By Deanna Kirk
Corsicana Daily Sun
For 10 years, a small band of followers have met at Fullerton Garitty Park at 9 a.m. each Sunday morning. Church in the Park began in March 2003, not as a “prayer stop” for park pedestrians, but as a vision of the late Bro. David Hale.
“Bro. David Hale started the church, but Beverly Hale is the main reason we’re all still together,” said church member Charlcie Reynolds.
Ten years of commitment, ministry, and love will be commemorated at 10 a.m. Sunday, July 14 at Fullerton-Garitty Park. The program will include a time of worship, singing, and special music; there will be history in photographs on display, and a new tree will be planted in honor of the members who have passed on to glory during the 10 years of Church in the Park. Lunch will be provided and everyone is invited.
Church in the Park began when Hale retired from Northside Baptist Church after 30 years. People continuously asked if he would teach a Bible study somewhere, and not wanting to pull people from any congregation, the Hales began having a weekly group at their home.
“Then we visited a Church in the Park in Lancaster, and David thought that was a great way to do an informal setting Bible study, where anyone from any denomination is welcome,” Beverly Hale said. “We don’t really even have a structured roll.”
Basically, people wanted a “David Hale Bible Study” and the late pastor thought it was a good way to reach the unchurched.
“A lot of people seemed to respond to it and became active,” Beverly said. “We have all kinds: Church of Christ, Baptist, Methodist, Catholic, Lutheran, and even no denomination. It is very informal, come as you are, and bring a lawn chair if you wish, even though we have benches in the pavilion.”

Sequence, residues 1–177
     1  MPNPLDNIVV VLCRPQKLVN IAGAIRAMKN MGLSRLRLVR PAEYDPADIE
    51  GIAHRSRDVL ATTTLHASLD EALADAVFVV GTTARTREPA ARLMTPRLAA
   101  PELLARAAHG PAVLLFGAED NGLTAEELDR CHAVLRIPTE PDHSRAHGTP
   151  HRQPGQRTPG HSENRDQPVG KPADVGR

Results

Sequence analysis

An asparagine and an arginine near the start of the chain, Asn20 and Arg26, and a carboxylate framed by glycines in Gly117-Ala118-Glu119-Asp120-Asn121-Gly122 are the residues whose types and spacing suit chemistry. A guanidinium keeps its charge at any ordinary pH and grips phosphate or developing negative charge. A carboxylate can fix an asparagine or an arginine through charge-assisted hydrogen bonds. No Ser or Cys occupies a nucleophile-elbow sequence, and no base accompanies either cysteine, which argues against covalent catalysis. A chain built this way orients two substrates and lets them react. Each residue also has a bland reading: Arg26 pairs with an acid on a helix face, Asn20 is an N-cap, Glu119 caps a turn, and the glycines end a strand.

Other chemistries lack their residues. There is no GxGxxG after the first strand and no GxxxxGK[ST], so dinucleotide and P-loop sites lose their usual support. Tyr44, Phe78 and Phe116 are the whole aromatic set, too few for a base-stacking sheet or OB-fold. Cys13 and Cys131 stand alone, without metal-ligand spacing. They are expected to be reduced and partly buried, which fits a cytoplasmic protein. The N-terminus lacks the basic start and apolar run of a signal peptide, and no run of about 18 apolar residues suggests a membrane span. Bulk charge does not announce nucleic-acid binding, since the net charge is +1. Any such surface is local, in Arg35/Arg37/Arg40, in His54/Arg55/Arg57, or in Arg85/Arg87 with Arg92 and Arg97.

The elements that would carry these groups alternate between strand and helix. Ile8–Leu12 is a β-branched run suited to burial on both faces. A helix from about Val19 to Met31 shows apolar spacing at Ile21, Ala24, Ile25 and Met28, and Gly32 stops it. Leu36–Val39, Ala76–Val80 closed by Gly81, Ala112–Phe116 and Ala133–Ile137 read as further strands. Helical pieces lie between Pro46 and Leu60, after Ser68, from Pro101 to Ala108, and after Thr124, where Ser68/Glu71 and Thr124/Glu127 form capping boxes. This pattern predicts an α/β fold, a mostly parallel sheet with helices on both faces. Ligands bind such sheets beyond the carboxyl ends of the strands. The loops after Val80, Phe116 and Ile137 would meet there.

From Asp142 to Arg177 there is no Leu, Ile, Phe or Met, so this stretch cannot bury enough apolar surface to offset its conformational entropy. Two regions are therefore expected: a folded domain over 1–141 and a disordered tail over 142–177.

The only reason there’s even a roll on paper is in the event of inclement weather or frigid temperatures, so they can call everyone with an alternative meeting place, like Temple Beth El.
In December 2005, Bro. Hale passed away. Not long afterward, surveys were passed out among Church in the Park members. The main question they were asked (and they could remain anonymous) was if Church in the Park did not continue without Bro. Hale, would they go back and once more become active in their former churches. Most said they were rather keep coming to Church in the Park. Supply pastors such as Bro. B.F. Risinger, Jr., John Lanoue, Bro. Rick Lamb, and the late O.E. Permenter filled in for a time.
“Then David Kimberly, the director of missions for Central Texas Baptist Association, met Bro. James Shugart, who had just resigned from a church in Mt. Calm he’d pastored for 12 years, and a resident of Waco,” she said. “He filled in for us five, maybe six Sundays in a row. He wasn’t really interested in a full-time pastorate, believing he was being called to do seminars and retreats and such.
“Now Bro. Shugart has been with us for seven years. He and his wife Angie, a very important part of the team, drive back and forth from Waco every Sunday. It has worked out — and the Lord had to do that, because I’d have never thought it would work.”
Church in the Park only has one committee — the mission committee.
All the offerings go into a birdhouse, because when they first started, they didn’t even think about offerings.
“David compared it to the first Christians who met on the riverbanks,” Beverly said. “The first time someone asked, ‘what do we do with our offerings?’ we just went ‘Oh!’”